Today, championing the issues in the developing world has become a major focus of Muhammad's life. He has been instrumental in providing over 232 million meals to the world's hungry. Traveling across continents, he has hand-delivered food and medical supplies to children in Cote D'Ivoire, Indonesia, Mexico, and Morocco among other countries.

In addition to his international efforts, Muhammad is equally devoted to helping charities at home. He has visited countless numbers of soup kitchens and hospitals, and helped such organizations as the Make-A-Wish-Foundation and the Special Olympics. At the State Capitol in Michigan, he advocated new laws for protecting children.

He annually participates in "Fight Night," which generates funds for the Muhammad Ali Parkinson Research Center at Barrow Neurological Institute, in Phoenix, Arizona.

He is also the namesake of the Muhammad Ali Boxing Reform Act, a federal law that regulates professional boxing to protect boxers from unscrupulous promoters and poor health and bout conditions. Muhammad has testified before the United States Senate several times regarding boxing reform.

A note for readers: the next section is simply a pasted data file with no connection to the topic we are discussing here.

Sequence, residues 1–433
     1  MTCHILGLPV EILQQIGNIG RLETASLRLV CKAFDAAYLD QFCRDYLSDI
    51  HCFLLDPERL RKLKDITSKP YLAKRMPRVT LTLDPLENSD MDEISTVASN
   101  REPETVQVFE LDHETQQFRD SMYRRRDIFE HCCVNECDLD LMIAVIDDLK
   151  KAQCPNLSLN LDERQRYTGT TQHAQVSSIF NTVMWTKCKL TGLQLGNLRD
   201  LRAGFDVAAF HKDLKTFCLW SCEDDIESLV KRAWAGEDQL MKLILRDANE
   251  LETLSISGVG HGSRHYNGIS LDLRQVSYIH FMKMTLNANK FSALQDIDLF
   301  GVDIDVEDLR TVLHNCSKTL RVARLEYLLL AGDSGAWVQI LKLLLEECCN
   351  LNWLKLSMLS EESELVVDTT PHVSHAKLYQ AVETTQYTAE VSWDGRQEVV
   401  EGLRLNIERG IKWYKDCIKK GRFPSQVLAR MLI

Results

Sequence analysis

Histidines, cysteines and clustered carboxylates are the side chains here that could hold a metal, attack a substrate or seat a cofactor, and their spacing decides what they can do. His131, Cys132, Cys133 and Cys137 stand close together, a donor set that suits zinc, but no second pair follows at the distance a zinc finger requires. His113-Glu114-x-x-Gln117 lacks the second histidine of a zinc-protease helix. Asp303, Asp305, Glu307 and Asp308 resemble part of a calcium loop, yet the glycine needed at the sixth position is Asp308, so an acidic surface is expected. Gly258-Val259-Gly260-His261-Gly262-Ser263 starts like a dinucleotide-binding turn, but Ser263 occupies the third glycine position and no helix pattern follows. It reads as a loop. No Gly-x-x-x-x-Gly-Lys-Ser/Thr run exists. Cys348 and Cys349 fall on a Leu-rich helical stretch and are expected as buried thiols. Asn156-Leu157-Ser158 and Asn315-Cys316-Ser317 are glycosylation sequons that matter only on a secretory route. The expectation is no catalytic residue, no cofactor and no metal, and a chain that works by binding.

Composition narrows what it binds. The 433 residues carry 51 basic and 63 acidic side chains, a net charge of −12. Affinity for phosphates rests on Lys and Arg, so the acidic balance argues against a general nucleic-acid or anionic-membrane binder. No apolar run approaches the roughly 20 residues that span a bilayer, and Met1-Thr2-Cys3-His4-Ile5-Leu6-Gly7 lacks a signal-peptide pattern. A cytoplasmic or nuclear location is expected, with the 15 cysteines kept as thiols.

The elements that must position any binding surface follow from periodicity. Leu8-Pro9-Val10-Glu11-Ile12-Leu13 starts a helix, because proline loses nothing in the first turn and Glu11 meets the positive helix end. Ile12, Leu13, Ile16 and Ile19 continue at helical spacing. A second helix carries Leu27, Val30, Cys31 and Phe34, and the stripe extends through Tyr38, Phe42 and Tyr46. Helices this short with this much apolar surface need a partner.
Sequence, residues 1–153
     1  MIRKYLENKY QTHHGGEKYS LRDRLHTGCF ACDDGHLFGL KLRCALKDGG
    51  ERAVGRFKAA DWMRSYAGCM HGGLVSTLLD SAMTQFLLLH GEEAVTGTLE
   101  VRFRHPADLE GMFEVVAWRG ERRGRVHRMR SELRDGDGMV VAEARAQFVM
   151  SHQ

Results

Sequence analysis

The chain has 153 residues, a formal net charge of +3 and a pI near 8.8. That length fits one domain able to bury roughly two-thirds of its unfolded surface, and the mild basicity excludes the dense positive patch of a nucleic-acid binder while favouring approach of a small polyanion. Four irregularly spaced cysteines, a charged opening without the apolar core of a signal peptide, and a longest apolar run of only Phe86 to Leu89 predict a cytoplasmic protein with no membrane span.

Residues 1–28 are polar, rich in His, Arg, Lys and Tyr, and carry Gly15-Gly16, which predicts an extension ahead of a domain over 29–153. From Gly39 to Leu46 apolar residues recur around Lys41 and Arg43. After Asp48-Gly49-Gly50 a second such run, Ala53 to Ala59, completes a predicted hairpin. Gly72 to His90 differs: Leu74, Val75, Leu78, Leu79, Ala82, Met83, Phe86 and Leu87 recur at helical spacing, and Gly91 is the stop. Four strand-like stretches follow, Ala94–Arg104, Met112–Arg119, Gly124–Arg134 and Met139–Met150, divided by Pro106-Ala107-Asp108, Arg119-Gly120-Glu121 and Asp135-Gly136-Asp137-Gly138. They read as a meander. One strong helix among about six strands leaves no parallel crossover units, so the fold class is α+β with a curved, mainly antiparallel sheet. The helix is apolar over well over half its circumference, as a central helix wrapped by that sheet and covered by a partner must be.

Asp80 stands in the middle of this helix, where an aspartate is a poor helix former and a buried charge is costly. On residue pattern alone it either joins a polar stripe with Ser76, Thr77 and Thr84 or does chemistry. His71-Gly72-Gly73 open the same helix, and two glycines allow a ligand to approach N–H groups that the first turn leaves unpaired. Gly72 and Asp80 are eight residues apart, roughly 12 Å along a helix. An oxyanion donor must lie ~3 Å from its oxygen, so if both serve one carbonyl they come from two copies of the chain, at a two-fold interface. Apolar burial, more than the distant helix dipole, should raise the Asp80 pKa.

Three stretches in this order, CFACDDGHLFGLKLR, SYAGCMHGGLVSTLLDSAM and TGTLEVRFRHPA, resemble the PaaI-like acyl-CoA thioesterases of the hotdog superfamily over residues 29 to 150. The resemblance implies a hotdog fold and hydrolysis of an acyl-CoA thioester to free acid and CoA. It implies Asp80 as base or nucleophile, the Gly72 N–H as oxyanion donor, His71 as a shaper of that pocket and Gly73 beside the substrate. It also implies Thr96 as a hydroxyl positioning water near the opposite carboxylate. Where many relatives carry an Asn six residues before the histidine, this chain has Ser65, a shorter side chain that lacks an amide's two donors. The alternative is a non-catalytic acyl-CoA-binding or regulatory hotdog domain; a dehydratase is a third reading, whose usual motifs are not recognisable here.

For his humanitarian efforts, Muhammad has been the recipient of countless awards. His recognitions include:
• United Nations Messenger of Peace in 1998-2008, for his work with developing nations
• Presidential Medal of Freedom in 2005, the United States of America's highest civil award
• Amnesty International's Lifetime Achievement Award
• Germany's 2005 Otto Hahn Peace Medal, for his involvement in the U.S. civil rights movement and the United Nations
• International Ambassador of Jubilee 2000, a global organization dedicated to relieving debt in developing nations
• State of Kentucky's "Kentuckian of the Century"
• The Advertising Club of Louisville's "Louisvillian of the Century"

Other honors include an Essence Award, an XNBA Human Spirit Award and recognition from the National Urban League; 100 Black Men; Givat Haviva; the Oleander Foundation; The National Conference of Christians and Jews; TIME magazine and many others.

President Jimmy Carter once cited Muhammad as "Mr. International Friendship."

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